I was not jumping up and down when the first GI Joe movie posters came out. Do not get me wrong, I am a fan of GI Joe, but I was thinking they would make a botched up job. It is a relief they proved me wrong.

All characters, Joes and Cobras, were given ample exposure in the film. Not unlike the X-Men films, were Wolverine obviously gets more screen time and dialogue. The movie is almost like a prequel because it depicts the history of the main characters. The characters are very interesting, both for a newbie or a fan (but more so for the fan).

I honestly do not find Sienna Miller hot but this movie is the exception. She takes a very different persona as the svelte brunette villain Baroness. Rachel Nichols is not bad either playing the resident GI Joe redhead Scarlett O’Hara. Hot hot hot!

Ray Park did an excellent job portraying everyone’s favourite GI Joe character, Snake Eyes. I feel Channing Tatum though was a miscast as the All American Hero, Duke. He is not the leader-type of a person.

Yes, the action sequences are over-the-top, but if you are making a movie based on a toy, it is only consistent to have those sorts of scenes.

In the course of the movie, you will sometimes notice a few crappy CGI’s here and there, but I think it is forgivable. They may have faced limited budgets, but in the end it is the actors and story that mattered.

It is but inevitable that the movie GI Joe: Rise of Cobra will be compared to Transformers: Revenge of the Fallen. Both characters are from the 80’s era. Both movies came from a very popular toy line. Both are loaded with generous servings of CGI. In terms of special effects, Transformers has the advantage; because Michael Bay has perfected the craft. Unfortunately, a movie is not all special effects. For me GI Joe wins hands-down only because the story is both logical and entertaining.

The ending of the movie has closure; however, you would most likely observe the movie was all along neatly preparing the stage for the sequel, which I hope is going to be bigger.

A very worthwhile diversion and a fitting end to the US Summer Blockbuster season. A definite must-see. Now you know and knowing is half the battle. (Cue slow motion walk).

I am a big fan of the Harry Potter franchise. I wrote this film review from the point of view of someone who has not read the sixth book. (…because I haven’t really read the book, honest)

The film Harry Potter and the Half Blood Prince surprisingly focuses more on the hormonal changes experienced by the main characters. This is not a very wise move in my opinion, unless the director David Yates wants a Twilight-wannabe movie. People who watch the Harry Potter movies expect to see wizard duels, potions, and magic. Good thing the director did not go as low as open shirts for the teenage wizards. Nevertheless, I must commend the director on the fresh and mature approach when portraying teenage adolescence.

The previous movies portray Harry Potter as an average wizard with talented friends and allies on his side and more than enough luck. I felt that Harry finally stepped up and proved himself a formidable wizard. This film is the harbinger of the best yet to come. I can only imagine how intense the two-part movie finale will be.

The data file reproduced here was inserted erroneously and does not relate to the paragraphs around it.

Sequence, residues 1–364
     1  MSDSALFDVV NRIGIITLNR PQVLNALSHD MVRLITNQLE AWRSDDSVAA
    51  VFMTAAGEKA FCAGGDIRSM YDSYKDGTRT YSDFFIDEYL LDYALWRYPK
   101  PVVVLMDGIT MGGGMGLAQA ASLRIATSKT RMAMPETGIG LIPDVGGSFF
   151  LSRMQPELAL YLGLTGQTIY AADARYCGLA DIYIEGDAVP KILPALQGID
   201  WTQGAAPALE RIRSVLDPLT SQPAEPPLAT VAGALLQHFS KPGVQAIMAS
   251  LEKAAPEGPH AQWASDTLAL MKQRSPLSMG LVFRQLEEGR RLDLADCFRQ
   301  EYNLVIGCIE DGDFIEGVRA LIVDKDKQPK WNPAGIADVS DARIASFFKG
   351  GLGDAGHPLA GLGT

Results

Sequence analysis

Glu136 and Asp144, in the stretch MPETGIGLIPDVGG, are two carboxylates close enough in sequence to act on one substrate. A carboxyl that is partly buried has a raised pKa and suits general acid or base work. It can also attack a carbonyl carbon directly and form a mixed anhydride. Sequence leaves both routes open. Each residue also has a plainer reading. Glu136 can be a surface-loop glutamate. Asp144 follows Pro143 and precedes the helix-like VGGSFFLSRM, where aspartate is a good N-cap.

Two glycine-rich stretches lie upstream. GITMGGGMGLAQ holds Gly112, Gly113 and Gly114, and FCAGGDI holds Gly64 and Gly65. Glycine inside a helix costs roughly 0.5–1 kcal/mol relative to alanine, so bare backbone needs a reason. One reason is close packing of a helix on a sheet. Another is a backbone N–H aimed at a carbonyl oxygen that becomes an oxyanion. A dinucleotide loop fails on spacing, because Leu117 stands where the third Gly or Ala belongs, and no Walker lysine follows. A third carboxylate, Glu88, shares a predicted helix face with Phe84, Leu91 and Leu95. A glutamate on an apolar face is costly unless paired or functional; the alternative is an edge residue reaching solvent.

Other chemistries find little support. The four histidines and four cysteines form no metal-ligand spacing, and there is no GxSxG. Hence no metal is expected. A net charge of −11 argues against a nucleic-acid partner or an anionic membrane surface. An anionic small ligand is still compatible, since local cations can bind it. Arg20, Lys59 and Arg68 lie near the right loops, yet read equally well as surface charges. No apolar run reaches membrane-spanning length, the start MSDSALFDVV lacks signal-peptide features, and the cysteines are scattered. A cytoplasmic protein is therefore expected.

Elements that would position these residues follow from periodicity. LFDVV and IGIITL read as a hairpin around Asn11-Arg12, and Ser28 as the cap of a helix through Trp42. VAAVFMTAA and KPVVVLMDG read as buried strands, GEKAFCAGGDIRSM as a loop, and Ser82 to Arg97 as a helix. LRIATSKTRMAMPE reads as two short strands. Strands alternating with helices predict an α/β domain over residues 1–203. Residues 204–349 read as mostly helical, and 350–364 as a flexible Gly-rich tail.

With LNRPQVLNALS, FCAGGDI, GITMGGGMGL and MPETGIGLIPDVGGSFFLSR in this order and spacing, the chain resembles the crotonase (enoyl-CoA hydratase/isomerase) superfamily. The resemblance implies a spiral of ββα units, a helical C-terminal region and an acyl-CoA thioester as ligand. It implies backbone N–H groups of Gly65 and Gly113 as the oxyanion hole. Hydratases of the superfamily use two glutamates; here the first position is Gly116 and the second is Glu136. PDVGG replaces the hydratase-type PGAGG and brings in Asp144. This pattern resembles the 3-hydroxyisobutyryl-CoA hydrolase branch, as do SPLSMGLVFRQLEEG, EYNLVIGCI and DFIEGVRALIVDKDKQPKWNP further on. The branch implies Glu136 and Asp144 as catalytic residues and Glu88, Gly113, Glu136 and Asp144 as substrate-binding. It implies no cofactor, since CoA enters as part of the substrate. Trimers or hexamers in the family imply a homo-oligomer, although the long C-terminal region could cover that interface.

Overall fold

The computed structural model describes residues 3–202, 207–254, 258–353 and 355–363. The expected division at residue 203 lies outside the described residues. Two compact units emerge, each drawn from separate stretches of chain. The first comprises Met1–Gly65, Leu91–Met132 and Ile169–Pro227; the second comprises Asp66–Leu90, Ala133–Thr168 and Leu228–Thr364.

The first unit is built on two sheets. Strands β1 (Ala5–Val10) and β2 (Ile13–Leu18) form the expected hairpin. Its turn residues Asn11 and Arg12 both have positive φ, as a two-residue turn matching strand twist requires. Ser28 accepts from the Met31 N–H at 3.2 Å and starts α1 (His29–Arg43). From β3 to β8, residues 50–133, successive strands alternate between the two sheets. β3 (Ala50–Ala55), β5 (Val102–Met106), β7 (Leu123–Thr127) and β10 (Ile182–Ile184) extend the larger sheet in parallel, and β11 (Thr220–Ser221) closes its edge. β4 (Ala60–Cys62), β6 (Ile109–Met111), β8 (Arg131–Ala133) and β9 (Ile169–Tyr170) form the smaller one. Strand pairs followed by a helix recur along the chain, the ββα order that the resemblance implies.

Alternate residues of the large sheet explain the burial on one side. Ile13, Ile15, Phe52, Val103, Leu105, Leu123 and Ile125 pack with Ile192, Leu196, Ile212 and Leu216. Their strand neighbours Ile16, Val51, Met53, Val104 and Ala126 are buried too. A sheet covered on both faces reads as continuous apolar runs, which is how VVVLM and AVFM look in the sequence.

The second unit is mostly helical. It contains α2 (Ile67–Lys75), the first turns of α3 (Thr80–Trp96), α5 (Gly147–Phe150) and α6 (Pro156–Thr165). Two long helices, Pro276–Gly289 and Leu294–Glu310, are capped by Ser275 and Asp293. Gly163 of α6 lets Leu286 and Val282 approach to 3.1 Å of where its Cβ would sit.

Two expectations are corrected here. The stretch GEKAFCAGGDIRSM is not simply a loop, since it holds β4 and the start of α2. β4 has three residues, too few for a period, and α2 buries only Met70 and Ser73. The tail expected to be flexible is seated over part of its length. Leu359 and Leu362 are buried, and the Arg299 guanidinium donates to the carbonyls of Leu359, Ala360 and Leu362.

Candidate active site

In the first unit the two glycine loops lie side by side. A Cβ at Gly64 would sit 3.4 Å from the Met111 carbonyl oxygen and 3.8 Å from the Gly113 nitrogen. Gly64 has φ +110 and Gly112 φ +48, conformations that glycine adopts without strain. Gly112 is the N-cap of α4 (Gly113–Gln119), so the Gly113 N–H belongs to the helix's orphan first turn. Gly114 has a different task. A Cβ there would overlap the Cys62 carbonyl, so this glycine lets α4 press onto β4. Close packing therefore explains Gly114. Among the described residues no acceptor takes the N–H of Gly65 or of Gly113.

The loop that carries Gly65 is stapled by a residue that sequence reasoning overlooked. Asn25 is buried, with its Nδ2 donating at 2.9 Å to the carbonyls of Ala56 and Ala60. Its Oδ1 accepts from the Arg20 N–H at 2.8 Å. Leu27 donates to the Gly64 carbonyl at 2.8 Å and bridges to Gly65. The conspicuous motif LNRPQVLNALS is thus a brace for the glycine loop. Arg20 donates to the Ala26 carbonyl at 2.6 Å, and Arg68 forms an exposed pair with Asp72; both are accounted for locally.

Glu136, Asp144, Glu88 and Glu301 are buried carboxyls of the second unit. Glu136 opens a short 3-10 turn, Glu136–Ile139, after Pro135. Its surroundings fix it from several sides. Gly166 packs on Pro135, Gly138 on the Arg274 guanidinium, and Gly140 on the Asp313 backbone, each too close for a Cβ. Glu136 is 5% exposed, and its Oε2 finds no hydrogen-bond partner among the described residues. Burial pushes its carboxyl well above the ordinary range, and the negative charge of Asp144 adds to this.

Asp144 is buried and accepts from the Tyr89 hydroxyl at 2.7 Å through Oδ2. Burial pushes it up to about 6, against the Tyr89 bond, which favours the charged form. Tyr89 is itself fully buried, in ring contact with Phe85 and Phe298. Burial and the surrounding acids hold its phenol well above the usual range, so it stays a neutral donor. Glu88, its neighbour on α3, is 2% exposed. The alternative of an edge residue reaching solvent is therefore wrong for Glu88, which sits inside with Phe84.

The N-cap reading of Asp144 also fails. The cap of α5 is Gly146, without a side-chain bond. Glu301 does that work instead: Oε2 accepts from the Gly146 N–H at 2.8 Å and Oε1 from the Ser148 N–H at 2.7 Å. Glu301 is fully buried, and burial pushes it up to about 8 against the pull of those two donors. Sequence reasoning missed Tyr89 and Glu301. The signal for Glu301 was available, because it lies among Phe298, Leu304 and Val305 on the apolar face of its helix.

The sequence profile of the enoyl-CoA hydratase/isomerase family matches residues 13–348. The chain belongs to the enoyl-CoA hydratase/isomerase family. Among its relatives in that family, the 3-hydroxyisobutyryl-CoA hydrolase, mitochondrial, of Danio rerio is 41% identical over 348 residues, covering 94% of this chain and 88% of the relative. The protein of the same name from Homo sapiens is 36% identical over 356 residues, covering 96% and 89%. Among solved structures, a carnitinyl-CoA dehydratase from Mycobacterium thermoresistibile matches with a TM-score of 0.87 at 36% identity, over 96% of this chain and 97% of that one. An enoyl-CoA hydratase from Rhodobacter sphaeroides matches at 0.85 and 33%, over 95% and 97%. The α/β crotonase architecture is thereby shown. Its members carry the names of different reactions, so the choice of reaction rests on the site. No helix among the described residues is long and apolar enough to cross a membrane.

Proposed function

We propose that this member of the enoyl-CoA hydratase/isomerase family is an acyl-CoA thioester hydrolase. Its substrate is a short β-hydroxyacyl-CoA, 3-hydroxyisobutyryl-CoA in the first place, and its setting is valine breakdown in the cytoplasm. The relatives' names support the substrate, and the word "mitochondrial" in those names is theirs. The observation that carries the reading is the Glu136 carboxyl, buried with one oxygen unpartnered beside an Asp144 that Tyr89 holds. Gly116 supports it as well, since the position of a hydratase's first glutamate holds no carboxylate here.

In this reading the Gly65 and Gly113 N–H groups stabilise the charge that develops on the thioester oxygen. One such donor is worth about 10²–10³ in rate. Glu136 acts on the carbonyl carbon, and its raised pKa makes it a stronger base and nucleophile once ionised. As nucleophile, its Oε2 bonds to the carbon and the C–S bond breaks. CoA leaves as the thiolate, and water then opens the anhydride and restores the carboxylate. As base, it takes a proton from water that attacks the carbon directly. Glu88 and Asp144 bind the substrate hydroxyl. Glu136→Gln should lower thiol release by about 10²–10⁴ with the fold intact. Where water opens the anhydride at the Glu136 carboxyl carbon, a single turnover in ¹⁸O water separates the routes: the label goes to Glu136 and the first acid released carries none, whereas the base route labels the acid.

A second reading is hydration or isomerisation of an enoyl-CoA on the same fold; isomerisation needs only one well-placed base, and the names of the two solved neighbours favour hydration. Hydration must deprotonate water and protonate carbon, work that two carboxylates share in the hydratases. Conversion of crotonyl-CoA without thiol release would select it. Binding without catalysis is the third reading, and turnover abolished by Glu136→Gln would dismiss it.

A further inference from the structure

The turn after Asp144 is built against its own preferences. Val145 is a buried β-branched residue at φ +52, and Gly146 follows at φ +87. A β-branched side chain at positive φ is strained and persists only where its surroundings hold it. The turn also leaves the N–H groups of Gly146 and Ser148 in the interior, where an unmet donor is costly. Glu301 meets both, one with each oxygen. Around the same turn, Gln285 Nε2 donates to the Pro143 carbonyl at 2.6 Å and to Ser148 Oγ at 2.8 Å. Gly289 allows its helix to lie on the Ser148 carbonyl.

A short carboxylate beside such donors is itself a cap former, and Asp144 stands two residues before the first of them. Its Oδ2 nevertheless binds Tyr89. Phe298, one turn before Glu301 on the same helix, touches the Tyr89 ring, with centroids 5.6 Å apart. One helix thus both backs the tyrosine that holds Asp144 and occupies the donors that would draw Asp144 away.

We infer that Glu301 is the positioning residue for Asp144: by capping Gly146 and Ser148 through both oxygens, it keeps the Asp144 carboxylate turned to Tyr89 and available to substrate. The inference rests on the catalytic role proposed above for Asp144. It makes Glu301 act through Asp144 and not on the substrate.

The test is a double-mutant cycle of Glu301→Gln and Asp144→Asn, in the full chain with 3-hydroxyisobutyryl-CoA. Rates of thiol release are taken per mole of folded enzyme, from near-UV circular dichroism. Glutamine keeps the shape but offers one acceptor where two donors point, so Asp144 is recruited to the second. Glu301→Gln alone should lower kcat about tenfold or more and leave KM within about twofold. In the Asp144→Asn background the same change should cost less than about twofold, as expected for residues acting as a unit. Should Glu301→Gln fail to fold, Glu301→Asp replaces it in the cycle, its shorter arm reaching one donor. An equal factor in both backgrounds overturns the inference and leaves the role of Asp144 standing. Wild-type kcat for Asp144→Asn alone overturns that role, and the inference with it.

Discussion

There is an immense maturity and coming-of-age for the Hogwarts wizards. Characters, both heroes and villains, face very mature and difficult decisions. In the battle against good and evil, Order of the Phoenix versus the Death Eaters, sacrifices DO have to be made.

The actor, Jim Broadbent, gave an awesome performance as Professor Horace Slughorn; which I feel is a very difficult character to portray. Actor Bonnie Wright playing Ginny Weasley grew up to be a fair lady in the film. I hope she gets more exposure in the next two movies. As with the previous Harry Potter movies, Alan Rickman, gave a brilliant interpretation to the most mysterious and interesting character in the series, Severus Snape.

The cinematography is splendid. The special effects are stunning, none more so than the scene when the Burrows was attacked. Towards the end of the movie there is the obvious sense of forlorn and despair. Soundtrack is first-class, as always.

A bit disappointing though is the ending. All the events of the first two hours build up for that decisive moment only to fall flat and end in a cheesy way. It is as if the climax of the film were for nothing. The climax does not make full sense when quite few of the plots where not tied properly. I suspect they are withholding all the good stuff for the two-part movie conclusion.

I think the general rule is if you have not read the book, then you will find the movie very perplexing. The director may have assumed everyone has read the book so he excludes a few characters and storyline. Realistically speaking though, no director can fit the whole book in a two and a half hour movie. With that said, the book and the movie go hand-in-hand; one cannot live without the other (wink wink).

I particularly do not read the Harry Potter books but I listen to the audio books. Do not get me wrong, it has nothing to do with laziness, I love reading books. However, there is something magical (pun intended) about the Harry Potter books read by British actor, Stephen Fry. I find him amusing and relevant because he changes his voice for different characters; and he has a British accent, which is appropriate for a “British” book. More importantly, Stephen Fry reads the book from the heart. I am now on Chapter 4 and I cannot wait to finish it. Try it.

So to appreciate the film: read the book before watching it or watch it first then listen to the audio book afterwards. Perfect.


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